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Monthly Business e-Tips Vol 3
Issue 7

It’s All in the Family

This is not a revisit of the old Archie Bunker show from the 1970s. However, it is a look at how business intersects with family life.

Years ago it was considered politically incorrect to keep pictures of your spouse or children on your desk. The photos, it was said, implied that your family was possibly more important to you than your work. Employees with family photos on their desks might be considered not as committed to the company as others. In most organizations that thinking is “old school.” We know now that family has a significant impact on what we do and decisions we make. Acknowledge it for your employees and yourself. If you coordinate your own family issues with your business, chances are you will run a more family-friendly and effective company.

Since I specialize in working with family businesses, I know how critical family relationships are in business. Family members who work together have specific issues to deal with and additional complexities. You may think that since you don’t work in a family business, family plays no role in your work life. Well, I disagree; family does play a role in your business.

As business owners, workplace decisions are often influenced by family obligations. For example, meetings are not typically scheduled during children’s sporting events. Early evening appointments are rescheduled when they fall on parent nights at school or during an award ceremony honoring a family member. Executives have parents who need them present at appointments and during crises. Most people would not think of relocating their business without talking it over with their families. Many couples have dual careers so that company travel and major moves must be coordinated.

Here are five tips I provide to my clients to help them integrate family and business needs:

  • Delegate more of your work. You never need to do as much as you think you do. If your business has clear policies and procedures, well-defined roles and responsibilities and effective processes to run it, you will have the freedom you need to attend to personal matters.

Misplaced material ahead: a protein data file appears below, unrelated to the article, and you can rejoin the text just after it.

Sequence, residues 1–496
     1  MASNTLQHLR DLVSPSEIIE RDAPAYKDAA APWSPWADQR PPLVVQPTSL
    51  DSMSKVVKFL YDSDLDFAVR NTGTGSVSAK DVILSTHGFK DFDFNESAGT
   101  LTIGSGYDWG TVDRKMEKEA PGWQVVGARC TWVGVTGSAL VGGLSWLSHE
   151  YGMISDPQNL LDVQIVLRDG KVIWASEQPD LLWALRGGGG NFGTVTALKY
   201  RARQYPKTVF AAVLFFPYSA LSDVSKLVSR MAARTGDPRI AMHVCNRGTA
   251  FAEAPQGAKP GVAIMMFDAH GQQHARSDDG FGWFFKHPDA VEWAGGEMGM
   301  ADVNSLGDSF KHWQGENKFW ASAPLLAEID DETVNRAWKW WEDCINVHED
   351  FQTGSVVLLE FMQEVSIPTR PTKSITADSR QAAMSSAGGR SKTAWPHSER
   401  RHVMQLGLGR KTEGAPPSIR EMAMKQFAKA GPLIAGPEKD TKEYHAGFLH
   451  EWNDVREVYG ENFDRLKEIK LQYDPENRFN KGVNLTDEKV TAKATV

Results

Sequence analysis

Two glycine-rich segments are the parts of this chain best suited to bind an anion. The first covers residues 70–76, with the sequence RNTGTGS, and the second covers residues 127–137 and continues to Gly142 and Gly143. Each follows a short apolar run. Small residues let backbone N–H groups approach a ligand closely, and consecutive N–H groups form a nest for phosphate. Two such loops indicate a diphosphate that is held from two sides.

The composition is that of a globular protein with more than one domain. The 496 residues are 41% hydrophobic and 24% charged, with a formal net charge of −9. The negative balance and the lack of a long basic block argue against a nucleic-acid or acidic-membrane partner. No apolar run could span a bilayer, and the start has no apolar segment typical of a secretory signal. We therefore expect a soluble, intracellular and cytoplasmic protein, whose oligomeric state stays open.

• Include your family in your work. Often business owners want to leave their work-related issues at the office but they can’t hide mood changes that their families usually don’t understand. Non-communication can be harmful to any relationship. Ask your significant other for input. Don’t cut your partner out of where you spend so much of your day. That’s not to say share every detail. Summarize.
  • Take time off. No heroes need apply. Working non-stop is nothing to be proud of. You need to refresh yourself and reconnect with loved ones. Vacation does not mean bringing laptops, PDAs and cell phones so you connect with the office every day. Take a mental holiday as well as a physical one.
  • Be clear about what is important. Sure, you could earn more income if you stayed in the office longer hours. But what meaning will the extra money have if it causes you to miss significant milestones in your loved ones lives? You cannot buy back time and memories.
  • Work more efficiently. We all get too caught up in busyness. Say no to non-essential activities. The more productive we are, the more time we have for relationships. If you build a healthy life outside work, the time you are away will reenergize you.
Don’t be fooled, your family life affects your work life. Create a business that will allow you to have a fulfilling personal life as well as a successful business. With planning and effort, you can have them both. And, your employees will benefit from your acknowledgment that everyone has family issues to deal with, sometimes during working hours. Keep it all in the family.

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